That’s not the case anymore. Other 2004 media guide samplings around the country include Florida State (416), Nebraska (440) and Texas (398).
Missouri’s media guide topped the nation at 614 pages.
“Having a 600-plus page media guide, I think, is ridiculous,” Arkansas coach Houston Nutt said. “I don’t believe in that. But it’s something that’s very nice and gives information about your school, your coaches, your facilities, what we’ve done. I think that’s awesome. You need it (in recruiting) and you use it.
“But I just don’t believe a 17-year-old, an 18-year-old will sit there and go through 600 pages.”
That won’t be a question under the new guidelines and Arkansas made several decisions to cut 120 pages the past few months. Trainor said the program did its best to preserve valuable recruiting pages, while keeping as much information and history to satisfy the media and Arkansas supporters.
Some of the moves were easy. Others weren’t.
Administrative bios, other than Broyles and UA chancellor John White, were removed from the 2005 guide to save seven pages. The opponents section, which took up 11 pages in 2004, was limited to one.
Trainor said the sports information department made the difficult decision to remove a 12-page written history on the football program that included diagrams of some of the key plays in school history. It also eliminated a six-page season outlook story because “when that goes to press, it’s dated already.”
Another major section, Arkansas’ bowl history, was cut tremendously. The 22-page spread in 2004 included game recaps, statistics and scoring summaries for each bowl game. But it has been trimmed to one page that will include basic information.
“Certainly, in our minds, we had an idea of what to cut and so we’ve done that now,” Trainor said. “But this is the first year (of the new NCAA guidelines). There’s some things we can add back in or find ways to do things.”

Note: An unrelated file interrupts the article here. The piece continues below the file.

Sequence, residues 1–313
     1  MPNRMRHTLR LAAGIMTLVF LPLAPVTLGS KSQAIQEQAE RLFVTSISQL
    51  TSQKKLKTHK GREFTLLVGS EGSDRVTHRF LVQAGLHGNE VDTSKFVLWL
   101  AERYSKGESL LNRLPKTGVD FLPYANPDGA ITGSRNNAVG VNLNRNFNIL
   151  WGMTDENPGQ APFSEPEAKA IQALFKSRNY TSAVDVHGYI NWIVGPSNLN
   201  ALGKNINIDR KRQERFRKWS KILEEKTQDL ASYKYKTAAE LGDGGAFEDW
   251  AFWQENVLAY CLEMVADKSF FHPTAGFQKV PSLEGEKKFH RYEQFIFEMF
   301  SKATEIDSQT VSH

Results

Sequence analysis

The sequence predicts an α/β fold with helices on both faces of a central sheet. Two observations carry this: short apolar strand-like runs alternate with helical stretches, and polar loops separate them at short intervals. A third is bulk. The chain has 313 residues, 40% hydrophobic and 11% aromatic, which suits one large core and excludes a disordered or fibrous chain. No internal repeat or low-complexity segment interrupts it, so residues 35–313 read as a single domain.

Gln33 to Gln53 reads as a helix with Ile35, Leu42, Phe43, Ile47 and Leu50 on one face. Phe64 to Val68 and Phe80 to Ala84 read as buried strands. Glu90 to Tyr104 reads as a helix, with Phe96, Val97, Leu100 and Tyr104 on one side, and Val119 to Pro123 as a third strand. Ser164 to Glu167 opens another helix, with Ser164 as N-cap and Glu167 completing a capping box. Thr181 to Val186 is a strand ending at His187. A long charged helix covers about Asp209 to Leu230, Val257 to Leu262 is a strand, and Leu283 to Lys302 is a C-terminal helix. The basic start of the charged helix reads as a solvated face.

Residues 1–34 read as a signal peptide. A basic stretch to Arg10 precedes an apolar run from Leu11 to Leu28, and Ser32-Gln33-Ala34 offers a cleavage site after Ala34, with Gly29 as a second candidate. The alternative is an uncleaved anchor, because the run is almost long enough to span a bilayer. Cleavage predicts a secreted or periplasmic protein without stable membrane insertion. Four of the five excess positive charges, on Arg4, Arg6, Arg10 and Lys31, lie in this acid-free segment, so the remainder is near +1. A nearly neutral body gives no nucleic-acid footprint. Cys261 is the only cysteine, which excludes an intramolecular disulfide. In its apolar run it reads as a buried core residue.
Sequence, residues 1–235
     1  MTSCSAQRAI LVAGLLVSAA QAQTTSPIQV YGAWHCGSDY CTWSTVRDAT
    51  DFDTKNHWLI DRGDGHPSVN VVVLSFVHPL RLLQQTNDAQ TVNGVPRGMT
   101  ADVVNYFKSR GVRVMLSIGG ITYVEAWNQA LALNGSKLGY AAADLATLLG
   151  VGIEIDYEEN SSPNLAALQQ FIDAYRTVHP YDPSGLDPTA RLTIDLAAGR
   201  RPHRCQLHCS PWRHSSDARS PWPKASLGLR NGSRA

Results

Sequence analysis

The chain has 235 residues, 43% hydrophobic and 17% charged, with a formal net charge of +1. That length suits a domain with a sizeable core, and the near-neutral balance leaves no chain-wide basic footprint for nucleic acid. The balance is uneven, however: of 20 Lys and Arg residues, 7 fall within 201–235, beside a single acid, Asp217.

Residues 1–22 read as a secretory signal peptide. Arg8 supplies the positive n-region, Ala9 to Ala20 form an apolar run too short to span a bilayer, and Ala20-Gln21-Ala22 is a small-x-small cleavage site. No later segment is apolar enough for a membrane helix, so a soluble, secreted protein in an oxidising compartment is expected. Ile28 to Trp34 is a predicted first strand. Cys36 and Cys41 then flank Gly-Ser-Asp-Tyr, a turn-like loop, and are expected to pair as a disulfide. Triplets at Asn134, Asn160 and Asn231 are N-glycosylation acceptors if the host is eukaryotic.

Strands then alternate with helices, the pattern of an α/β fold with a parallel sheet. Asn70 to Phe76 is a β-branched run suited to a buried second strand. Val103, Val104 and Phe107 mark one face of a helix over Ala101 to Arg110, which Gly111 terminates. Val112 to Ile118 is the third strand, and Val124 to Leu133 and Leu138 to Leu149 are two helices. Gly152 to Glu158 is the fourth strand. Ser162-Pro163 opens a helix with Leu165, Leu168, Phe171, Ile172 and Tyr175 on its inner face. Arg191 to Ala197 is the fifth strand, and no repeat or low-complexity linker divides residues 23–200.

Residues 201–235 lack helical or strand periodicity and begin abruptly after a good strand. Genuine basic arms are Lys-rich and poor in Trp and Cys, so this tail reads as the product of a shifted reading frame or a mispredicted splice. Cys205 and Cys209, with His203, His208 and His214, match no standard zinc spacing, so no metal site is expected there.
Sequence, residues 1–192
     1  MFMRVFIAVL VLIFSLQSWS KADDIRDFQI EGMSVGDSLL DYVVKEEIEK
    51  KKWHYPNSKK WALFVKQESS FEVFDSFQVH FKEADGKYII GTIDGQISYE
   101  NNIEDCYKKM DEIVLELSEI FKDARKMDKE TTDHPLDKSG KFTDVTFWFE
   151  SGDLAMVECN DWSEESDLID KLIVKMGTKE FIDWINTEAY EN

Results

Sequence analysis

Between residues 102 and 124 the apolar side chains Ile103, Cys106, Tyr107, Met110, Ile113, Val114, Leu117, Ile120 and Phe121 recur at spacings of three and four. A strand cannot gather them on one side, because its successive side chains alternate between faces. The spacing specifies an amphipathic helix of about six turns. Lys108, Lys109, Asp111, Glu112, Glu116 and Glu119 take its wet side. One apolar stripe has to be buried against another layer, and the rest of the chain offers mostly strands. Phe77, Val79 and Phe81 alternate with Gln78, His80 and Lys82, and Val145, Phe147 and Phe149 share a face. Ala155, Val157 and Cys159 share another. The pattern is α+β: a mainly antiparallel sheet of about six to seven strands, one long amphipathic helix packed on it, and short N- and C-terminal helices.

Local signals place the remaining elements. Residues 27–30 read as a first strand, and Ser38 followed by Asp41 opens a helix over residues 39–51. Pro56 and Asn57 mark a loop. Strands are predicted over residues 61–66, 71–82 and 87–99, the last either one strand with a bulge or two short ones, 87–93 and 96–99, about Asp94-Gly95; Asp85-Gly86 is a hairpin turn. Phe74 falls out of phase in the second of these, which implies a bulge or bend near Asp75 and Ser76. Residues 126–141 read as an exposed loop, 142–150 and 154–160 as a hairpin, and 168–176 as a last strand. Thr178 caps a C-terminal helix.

“People were trying to outdo one another and it all costs money,” Broyles said. “It’s foolish. It doesn’t help. As long as we get adequate information for our sports writers and for our fans who get one, as long as it’s adequate for them, we’ll sell the university with other things.”
Arkansas is printing 18,000 media guides this summer and will give 12,500 to donors. The rest are for recruits, the media and other in-house purposes.
Trainor estimated that the production and printing costs for 18,000 media guides last season equaled approximately $83,000. This year, with 12 fewer pages, the program estimates it will save between $20,000 and $25,000.
That’s not much for an athletic department like Arkansas, which brings in millions in revenue and spends millions more every year.
But for other smaller programs, Nutt said the changes will make a big difference.
“I think it does (level the playing field),” Nutt said. “Everything is an arms race now whether its bigger weight room or nice stadiums, as it is. I think this is one of the things that can just calm it down a little bit.
“You can still sell your school. It doesn’t take 600 pages to get that done.”